Cracked Pepper Cheese: Dairy-Free
Makes one 400 gram (14 oz) block
(Vegan; no gluten, dairy or eggs)
Yes, dairy-free cheese. The texture is believable and it grates well. It’s most notable feature is how it convincingly melts over strong or direct heat…
Makers of finely crafted heritage cheese need not be frightened into retirement. But for people who must avoid dairy products, this is a welcome alternative and far cheaper than its health store equivalents. Keeps well refrigerated for one week or more and can be frozen. It takes a fairly high heat to melt it. I fan grilled oiled and seasoned eggplant slices at 180ºC (this is similar to 200° Bake – or 400°F) for about 15 minutes until soft and then topped them with slices of Vegan Cheese. In a few minutes this oozed and bubbled with unguent reward.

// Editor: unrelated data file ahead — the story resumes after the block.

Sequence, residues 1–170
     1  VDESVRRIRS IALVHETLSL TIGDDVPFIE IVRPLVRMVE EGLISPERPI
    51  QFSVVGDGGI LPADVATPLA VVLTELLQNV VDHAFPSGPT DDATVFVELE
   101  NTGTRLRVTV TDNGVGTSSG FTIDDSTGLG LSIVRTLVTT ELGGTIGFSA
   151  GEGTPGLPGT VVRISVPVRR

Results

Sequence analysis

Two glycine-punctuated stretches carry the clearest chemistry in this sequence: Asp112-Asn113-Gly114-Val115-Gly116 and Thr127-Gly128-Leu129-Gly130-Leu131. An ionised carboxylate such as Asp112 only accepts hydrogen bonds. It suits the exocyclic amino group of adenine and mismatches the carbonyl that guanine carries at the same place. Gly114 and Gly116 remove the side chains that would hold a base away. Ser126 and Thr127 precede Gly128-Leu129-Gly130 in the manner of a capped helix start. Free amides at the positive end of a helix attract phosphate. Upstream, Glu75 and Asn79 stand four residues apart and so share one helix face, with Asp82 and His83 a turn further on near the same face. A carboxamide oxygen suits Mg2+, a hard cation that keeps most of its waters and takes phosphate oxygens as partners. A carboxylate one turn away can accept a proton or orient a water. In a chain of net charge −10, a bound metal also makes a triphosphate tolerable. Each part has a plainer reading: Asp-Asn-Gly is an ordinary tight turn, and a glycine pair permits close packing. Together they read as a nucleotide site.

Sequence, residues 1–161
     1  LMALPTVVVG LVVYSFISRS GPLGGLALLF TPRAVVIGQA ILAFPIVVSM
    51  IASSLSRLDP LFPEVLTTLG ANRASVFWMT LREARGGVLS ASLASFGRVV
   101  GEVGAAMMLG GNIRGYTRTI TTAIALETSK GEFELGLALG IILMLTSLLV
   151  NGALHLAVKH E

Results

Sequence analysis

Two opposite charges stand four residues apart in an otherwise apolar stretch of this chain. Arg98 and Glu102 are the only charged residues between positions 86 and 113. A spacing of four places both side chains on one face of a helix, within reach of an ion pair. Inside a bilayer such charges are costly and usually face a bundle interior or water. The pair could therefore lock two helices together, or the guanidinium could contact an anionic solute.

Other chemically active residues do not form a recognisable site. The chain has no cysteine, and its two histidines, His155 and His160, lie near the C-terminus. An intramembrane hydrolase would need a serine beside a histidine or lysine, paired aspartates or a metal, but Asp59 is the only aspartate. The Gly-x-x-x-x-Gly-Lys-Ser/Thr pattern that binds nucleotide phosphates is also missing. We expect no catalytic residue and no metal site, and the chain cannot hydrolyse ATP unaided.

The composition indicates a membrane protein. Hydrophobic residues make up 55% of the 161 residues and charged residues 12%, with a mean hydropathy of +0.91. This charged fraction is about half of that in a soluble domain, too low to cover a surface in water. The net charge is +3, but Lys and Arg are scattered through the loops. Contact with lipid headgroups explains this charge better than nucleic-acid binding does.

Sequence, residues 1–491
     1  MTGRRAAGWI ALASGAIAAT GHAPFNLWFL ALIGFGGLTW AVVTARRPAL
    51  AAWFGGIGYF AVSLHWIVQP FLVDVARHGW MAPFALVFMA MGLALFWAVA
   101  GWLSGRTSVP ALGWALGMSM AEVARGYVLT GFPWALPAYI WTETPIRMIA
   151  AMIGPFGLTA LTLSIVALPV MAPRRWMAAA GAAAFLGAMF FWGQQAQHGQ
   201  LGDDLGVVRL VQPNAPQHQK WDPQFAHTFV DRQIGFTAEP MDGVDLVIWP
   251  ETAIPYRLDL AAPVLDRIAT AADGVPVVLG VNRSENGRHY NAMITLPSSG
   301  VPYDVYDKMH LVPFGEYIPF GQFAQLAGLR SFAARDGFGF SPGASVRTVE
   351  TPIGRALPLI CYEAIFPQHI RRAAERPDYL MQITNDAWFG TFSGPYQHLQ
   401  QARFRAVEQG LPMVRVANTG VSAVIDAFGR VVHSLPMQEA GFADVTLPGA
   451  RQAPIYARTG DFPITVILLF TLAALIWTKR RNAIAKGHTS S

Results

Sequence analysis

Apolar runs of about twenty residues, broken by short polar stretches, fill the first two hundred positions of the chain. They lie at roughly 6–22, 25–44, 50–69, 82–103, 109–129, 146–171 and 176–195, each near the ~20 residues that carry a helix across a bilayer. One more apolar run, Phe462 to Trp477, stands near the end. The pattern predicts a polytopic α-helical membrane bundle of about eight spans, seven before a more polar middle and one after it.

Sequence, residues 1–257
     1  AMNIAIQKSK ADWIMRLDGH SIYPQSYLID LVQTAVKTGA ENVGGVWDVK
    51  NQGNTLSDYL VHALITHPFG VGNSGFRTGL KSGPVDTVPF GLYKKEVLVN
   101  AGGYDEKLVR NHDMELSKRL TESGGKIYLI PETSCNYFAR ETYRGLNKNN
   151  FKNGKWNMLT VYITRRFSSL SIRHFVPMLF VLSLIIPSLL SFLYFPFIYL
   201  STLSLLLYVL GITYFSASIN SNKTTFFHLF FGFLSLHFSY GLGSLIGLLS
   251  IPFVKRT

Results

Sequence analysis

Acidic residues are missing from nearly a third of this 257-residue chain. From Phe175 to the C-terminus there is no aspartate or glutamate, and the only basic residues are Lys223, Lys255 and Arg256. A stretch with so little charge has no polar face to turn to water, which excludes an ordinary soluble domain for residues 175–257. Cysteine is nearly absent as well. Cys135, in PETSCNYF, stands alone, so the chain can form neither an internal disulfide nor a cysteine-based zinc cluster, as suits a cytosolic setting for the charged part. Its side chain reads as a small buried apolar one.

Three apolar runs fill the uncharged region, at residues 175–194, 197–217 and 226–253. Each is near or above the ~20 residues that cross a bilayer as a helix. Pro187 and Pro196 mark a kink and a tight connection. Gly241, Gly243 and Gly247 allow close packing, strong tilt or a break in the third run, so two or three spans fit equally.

You could replace the soy milk with oat milk, but whatever your choice full fat milk is needed for flavour and texture (for options see below). However you still need to include soy in the form of miso* for its umami (one of the 5 core tastes specifically registered by your taste buds: a savoury flavour associated with the amino acid glutamate, whether naturally in food or from artificial forms such as MSG). Miso made from chickpeas rather than soybeans is available in North America, which tends to lead our health trends and indicate what we will soon see here.